Simple premise: web sites are designed for the screen, they are meant to be viewed through a computer and that’s about it. Still, most people want to print out a web site at some point and your design probably won’t look very good. Print media strips out all backgrounds and forces a page width so large fixed width sites simply won’t print all their detail.
The simple answer to this is print stylesheets using the media=”print” or @media print options. This is covered in great detail all over the web, and so the basics of print stylesheets won’t be told here. What I’m going to cover is how best to debug those print styles so that you can quickly edit and get a good print stylesheet together.
Why can’t I see you!
My number one issue with debugging print styles is having to use print preview to show what the effects of a print stylesheet will look like. It can take a long time for older browsers (IE6) to render print previews and it’s just not necessary.
Simple remedy: when debugging, make your print stylesheets media=”all” to see live previews of what the effects are.
This isn’t ideal, especially if you’re debugging on a live site (though if you are, you really should get a development environment). So, thankfully, there is an alternative, in the form of the Firefox Web Developer toolbar.
In the image above, I’m using the web developer toolbar to display my print styles, reducing my web page to what print preview will see. You should also tick the “persist features” option or you’ll have to keep turning the print stylesheet on each time you visit the page.
This technique has additional benefits, in that Firebug, the web developer’s best friend, picks up the print styles as if they were the only ones available. This allows you to experiment with the stylesheet on the fly, speeding up development time.
What about IE?
Due to the unique way that most developers are funded, you will still have to deal with Internet Explorer. IE 8 is pretty good at print styles, using the “fit to width” option by default, which gets around most of the awkward layout problems. However, IE 6 doesn’t have this facility, so layouts often go wrong. Here’s a few workarounds for common problems:
Make yourself an IE 6 only stylesheet. In the spirit of graceful degradation, use conditional comments to target the offending browser with its own stylesheet. This allows you to target IE6’s inflexible width issue without damaging the other stylesheets. Put something like this in your site:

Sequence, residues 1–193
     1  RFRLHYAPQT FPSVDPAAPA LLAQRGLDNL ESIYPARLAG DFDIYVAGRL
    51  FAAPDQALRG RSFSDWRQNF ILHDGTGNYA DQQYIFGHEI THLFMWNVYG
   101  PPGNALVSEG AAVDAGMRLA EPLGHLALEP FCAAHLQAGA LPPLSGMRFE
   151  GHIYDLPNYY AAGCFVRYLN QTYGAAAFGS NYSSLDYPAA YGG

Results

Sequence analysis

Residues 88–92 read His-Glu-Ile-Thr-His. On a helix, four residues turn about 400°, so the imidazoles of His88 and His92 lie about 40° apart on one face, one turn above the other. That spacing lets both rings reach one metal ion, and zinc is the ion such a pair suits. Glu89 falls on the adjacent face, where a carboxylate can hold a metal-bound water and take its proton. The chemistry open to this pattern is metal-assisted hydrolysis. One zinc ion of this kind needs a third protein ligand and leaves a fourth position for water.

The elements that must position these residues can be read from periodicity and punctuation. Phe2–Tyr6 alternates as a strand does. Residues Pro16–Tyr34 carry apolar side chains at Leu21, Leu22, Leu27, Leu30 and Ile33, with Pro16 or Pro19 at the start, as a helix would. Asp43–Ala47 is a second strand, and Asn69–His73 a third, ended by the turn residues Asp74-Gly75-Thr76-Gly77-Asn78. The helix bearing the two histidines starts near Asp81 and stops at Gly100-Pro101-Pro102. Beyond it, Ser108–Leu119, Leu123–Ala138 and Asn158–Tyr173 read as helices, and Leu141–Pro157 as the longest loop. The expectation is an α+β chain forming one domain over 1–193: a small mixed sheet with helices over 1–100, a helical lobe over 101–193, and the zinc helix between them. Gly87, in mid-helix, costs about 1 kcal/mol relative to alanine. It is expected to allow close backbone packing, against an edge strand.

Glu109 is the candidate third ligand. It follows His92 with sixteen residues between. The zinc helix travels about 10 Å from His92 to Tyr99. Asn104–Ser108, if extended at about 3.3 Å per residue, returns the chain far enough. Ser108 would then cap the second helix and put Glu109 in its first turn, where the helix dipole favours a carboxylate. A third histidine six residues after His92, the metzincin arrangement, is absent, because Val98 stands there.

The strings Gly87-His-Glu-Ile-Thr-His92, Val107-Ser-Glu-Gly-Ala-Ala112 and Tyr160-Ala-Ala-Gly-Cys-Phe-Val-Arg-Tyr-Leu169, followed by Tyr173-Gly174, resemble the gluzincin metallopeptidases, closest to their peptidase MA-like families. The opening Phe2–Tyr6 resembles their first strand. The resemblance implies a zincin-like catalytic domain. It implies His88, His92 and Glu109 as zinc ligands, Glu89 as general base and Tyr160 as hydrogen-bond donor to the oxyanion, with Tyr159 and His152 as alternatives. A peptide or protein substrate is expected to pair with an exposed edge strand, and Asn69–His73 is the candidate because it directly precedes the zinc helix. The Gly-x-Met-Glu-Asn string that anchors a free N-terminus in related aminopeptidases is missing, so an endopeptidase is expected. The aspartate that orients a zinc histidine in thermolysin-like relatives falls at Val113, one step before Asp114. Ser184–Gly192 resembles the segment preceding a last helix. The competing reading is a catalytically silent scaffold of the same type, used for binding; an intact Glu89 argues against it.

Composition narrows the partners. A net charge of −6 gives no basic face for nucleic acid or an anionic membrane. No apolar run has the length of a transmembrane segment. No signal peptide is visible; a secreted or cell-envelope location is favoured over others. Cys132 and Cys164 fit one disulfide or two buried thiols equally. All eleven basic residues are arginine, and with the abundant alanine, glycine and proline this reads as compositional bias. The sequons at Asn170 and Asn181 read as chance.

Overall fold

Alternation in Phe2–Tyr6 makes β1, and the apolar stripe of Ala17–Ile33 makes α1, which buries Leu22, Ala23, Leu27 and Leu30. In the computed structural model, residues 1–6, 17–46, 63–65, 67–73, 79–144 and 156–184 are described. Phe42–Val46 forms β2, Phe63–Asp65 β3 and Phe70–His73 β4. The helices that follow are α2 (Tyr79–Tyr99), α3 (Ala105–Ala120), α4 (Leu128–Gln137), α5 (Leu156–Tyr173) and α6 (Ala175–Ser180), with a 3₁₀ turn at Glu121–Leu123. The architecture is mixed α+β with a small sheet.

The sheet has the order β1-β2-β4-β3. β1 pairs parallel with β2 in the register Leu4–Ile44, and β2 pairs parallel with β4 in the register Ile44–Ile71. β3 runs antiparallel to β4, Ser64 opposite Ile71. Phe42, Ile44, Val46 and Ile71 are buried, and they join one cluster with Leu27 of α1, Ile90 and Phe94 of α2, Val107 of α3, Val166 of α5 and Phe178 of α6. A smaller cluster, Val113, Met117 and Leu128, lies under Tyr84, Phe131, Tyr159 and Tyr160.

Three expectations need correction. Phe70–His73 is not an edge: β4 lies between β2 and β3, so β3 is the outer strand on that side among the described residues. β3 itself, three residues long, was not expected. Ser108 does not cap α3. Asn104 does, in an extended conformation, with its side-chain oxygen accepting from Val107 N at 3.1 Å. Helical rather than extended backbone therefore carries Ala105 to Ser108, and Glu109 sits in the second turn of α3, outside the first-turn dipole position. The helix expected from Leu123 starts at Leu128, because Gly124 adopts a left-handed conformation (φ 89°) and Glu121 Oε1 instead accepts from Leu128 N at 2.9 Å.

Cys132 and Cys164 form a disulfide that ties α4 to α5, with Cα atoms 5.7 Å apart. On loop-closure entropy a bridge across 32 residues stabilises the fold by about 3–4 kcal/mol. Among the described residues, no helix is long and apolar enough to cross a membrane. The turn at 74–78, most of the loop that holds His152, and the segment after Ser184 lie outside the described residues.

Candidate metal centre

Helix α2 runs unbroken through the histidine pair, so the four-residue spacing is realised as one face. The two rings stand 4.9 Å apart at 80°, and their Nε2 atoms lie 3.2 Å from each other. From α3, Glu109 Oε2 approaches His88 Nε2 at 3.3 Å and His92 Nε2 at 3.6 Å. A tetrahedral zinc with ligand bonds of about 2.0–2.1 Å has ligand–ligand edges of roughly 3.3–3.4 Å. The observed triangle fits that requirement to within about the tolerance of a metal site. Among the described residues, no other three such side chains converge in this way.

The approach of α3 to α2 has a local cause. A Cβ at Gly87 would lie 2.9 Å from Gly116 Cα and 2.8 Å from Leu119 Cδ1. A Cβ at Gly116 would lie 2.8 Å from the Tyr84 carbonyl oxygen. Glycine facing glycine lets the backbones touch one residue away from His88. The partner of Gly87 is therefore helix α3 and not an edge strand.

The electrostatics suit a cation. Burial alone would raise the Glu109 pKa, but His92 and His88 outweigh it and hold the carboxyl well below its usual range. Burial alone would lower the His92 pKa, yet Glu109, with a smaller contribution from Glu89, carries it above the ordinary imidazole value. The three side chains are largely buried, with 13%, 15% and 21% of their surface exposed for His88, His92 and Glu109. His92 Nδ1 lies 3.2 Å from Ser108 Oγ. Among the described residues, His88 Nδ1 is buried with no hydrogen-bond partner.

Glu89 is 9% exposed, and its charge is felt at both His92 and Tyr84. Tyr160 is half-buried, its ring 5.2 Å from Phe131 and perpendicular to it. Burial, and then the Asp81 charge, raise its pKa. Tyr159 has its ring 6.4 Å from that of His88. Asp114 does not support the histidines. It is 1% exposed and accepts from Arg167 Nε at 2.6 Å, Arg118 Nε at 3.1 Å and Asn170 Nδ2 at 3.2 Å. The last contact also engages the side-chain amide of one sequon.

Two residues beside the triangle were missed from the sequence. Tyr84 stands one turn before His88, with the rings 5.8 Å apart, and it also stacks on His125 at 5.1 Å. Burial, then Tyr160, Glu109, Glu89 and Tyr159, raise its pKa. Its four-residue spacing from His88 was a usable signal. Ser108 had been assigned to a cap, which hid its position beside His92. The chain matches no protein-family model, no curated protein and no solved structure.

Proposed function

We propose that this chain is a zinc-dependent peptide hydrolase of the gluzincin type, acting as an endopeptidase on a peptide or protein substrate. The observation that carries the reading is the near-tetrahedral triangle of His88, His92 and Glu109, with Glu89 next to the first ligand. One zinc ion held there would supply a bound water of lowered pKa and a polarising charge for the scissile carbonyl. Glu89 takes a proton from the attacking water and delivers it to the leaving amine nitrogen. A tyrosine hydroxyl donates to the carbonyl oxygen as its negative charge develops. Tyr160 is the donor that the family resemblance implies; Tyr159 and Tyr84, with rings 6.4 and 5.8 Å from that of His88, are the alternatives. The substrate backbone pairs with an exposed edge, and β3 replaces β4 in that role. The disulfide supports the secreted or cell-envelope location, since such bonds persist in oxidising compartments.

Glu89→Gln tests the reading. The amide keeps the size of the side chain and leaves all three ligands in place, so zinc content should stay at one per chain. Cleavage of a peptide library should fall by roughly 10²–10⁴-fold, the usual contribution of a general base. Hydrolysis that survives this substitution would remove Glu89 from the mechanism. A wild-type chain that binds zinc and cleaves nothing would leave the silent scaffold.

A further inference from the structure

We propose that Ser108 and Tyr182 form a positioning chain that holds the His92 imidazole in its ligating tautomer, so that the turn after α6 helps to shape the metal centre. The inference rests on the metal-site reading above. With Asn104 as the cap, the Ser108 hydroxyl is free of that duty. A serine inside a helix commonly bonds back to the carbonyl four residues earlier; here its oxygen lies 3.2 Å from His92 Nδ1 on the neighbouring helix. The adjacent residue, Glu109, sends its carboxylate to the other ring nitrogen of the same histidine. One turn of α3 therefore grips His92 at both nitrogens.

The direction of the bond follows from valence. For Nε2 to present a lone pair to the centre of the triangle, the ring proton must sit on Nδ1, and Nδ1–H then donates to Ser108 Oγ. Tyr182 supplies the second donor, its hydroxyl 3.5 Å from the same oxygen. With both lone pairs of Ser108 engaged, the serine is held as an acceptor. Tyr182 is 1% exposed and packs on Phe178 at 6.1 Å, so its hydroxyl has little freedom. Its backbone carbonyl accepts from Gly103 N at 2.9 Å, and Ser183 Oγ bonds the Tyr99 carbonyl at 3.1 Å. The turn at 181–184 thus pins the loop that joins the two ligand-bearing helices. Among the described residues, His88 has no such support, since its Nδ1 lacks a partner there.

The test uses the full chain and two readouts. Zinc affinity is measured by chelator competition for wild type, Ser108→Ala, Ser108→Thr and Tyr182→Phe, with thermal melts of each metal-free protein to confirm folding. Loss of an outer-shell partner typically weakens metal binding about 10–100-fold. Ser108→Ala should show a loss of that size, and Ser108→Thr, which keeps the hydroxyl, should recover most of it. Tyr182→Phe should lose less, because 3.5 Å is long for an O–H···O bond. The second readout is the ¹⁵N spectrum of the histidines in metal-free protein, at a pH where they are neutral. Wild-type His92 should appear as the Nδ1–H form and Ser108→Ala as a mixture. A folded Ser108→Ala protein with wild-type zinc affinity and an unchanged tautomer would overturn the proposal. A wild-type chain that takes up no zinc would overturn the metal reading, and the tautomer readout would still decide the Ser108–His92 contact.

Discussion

Make all your IE 6 specific changes in this file. As with the first technique, you may want to change the media to “all” to see what happens without using print preview.
My content goes off the page (to the right generally) and doesn’t come back
With a print page in portrait mode, you only get about 70% of the screen space. In this case, content simply overflows off the page and can’t be retrieved. Instructing your users to print in portrait mode alleviates this a little, but isn’t ideal for most clients.
If you have a fixed width layout, start by changing all of these pixel values into percentages. IE printing responds quite well to this in both landscape and portrait. If this doesn’t have the desired effect, consider removing and floated columns that you may have, allowing the sections to naturally flow beneath each other. Whilst this isn’t ideal, it can prevent content loss.
There’s a blank page in my printing / nothing appears when I go to print preview
This is an odd one. This can be caused by improperly clearing floated elements, so check those out. A good way to debug this is to turn off any custom styles that you’ve added (i.e. make sure your main stylesheet is set to screen, or comment it out) and see if the content prints. If it does, build your stylesheet back up until you find the problem.
If you still don’t see anything, it’s likely there is an in-line style causing the issue. SharePoint has tendency to add “height: 100%” to a few elements, which to most browsers means absolutely nothing, but IE6 takes seriously. Set that to “height: auto;” and you should get all of your content back again.
I’ve got some VML (IE’s Canvas implementation) that I need to hide but can’t
Sad news here, I don’t believe you can hide it in print stylesheets. If anyone knows how to do this, please let me know.
Don’t forget: printing is about the content
A printed page doesn’t have to look beautiful, with rounded corner borders or large images; the content should be laid out simply and should flow correctly. Use these techniques to get that right and all your print styling headaches will go away.
CSS3 Web Design